Tables and technology…they are not your usual bedfellows. While technology is forever updating, reinventing itself with every coffee-and-biscuits brainstorm at Sony-Ericsson or Google, Inc., a table is something that has not changed in centuries. Putting it at its simplest, it is a flat surface with four horizontal legs. Nothing whizz-kiddy about that. Until relatively recently, the nearest a table got to being computerised was if someone came along and plonked a PC monitor and some wires on top. Maybe even a tablet!.
Our technologically-driven and media-hungry society means that even the humble table is now being propelled screaming into the 21st century. As people desire a more technology-centric existence where the internet, documents, pictures etc are always on hand and easily accessible, the fake pine dinner table may soon find itself relegated to a dusty shed or the local charity shop.Interactive coffee tables have already been making special appearances at numerous fairs and expos, setting tech and gadget-watchers’ tongues collectively wagging.
Korean electronics giant Samsung is already leading the way with its range of televisions, PC screens, and is now heavily dominating the smartphone market with its Galaxy and Note offerings. The super-boffins in Seoul did not just stop there. They took a ordinary boardroom table, applied some high-tech knowhow, added a 40-inch PC with touchscreen and gave birth to the SUR40. A chief executive’s dream machine.
According to Shortlist magazine, the SUR40 is a forward, but relatively simple concept. The widescreen PC that serves as the tabletop is 4 inches thick, supported by what HEM presumes to be toughened aluminium or stainless steel legs that look like they were hastily borrowed from a Argos television stand. The touchscreen is made from patented ‘Gorilla Glass’ from Corning – the same fingerprint-proof tough material Samsung used for the Galaxy SII and SIII. In fact the screen is sufficiently strong to support a whole round of office teas.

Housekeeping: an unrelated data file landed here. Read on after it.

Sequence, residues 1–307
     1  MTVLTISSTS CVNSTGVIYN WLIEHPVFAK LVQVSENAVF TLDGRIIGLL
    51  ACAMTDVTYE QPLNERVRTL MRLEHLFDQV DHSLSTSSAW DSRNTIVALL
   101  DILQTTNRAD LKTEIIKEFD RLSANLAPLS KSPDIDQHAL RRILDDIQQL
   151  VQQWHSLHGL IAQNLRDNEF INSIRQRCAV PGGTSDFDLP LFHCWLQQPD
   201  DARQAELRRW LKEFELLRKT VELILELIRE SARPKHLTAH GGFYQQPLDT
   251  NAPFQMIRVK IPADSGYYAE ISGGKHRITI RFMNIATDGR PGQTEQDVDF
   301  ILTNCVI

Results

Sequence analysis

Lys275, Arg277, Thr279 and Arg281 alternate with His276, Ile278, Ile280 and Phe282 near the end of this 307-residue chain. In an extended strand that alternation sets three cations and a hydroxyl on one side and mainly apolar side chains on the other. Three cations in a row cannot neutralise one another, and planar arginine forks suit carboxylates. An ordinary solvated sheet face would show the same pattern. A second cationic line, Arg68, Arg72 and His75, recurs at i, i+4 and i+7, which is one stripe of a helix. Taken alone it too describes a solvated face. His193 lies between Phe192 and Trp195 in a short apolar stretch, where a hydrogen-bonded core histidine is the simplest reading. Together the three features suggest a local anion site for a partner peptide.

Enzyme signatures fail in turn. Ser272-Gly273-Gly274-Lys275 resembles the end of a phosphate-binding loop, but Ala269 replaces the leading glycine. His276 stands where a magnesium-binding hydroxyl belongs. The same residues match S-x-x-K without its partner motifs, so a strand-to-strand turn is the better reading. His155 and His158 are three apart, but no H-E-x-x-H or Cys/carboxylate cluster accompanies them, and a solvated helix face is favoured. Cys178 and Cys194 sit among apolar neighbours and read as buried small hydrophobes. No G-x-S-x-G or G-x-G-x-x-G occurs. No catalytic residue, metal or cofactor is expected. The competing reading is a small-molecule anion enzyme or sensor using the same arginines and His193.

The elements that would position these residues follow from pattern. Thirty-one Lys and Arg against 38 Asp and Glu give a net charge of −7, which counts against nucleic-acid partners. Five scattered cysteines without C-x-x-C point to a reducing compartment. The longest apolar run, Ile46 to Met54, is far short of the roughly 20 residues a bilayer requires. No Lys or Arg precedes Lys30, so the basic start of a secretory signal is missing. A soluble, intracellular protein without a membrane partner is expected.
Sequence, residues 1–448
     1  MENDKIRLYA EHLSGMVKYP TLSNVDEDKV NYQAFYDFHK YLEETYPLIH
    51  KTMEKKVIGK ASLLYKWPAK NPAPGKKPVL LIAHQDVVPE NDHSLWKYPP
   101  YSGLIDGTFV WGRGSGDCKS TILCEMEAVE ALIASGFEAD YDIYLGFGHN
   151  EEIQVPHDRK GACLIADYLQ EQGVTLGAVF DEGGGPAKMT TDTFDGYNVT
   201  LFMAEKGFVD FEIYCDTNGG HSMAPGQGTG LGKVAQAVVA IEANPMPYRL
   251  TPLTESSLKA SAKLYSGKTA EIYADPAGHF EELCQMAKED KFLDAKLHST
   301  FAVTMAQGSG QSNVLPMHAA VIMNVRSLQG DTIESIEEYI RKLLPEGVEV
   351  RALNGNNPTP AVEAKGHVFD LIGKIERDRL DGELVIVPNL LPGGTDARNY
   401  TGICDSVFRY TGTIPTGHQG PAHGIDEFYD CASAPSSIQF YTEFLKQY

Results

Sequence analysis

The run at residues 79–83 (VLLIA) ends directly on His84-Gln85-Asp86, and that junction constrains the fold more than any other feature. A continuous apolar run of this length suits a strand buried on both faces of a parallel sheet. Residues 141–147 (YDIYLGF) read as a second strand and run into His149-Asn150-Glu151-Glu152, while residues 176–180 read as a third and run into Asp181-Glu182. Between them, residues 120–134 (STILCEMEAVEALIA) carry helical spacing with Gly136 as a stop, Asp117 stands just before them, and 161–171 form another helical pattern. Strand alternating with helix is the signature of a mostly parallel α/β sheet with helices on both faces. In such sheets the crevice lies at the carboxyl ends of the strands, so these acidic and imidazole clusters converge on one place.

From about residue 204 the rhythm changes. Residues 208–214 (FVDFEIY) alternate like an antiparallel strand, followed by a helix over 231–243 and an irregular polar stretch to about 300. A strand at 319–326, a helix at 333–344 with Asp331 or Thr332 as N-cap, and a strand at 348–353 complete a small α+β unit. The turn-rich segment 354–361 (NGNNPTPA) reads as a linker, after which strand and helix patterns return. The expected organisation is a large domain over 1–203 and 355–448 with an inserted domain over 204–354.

The software inside the ‘table’ is very much au courant. PixelSense gives the LCD screen the ability to detect with infrared signals any object placed on or near the table, enabling a user to hold a video or Powerpoint presentation, flip it around and zoom in, using just a couple of fingers. The SUR40 can even read text placed face-down on the surface, making it ideal for saving and distributing documents to the whole team at your company’s weekly sales analysis.
The SUR40 means no more costly and clunky projectors and laptops being carried from one room to another. It would have a positive impact on the environment too, as offices no longer have to prepare paper handouts for distribution to colleagues at meetings. As companies become increasingly keen on their green credentials and aim to save trees, the SUR-40 may be a high-demand item to help support corporate social responsibility objectives.
It could also be a feature of university seminars and may revolutionise teaching in schools . The cost however is a bit prohibitive. On online retailers like jigsaw.com SUR40s are selling for £9354.00 a piece, which includes the easy-to-attach legs, so you might want to hold to your desktop just a little longer. It requires some dexterity too, with Shortlist describing it as “akin to conducting an orchestra”. Its simple no-frills design and usability however could soon see it making an appearance at an AGM near you…and hopefully not at a branch of Barnardo’s.
See the Samsung SUR40 doing its stuff: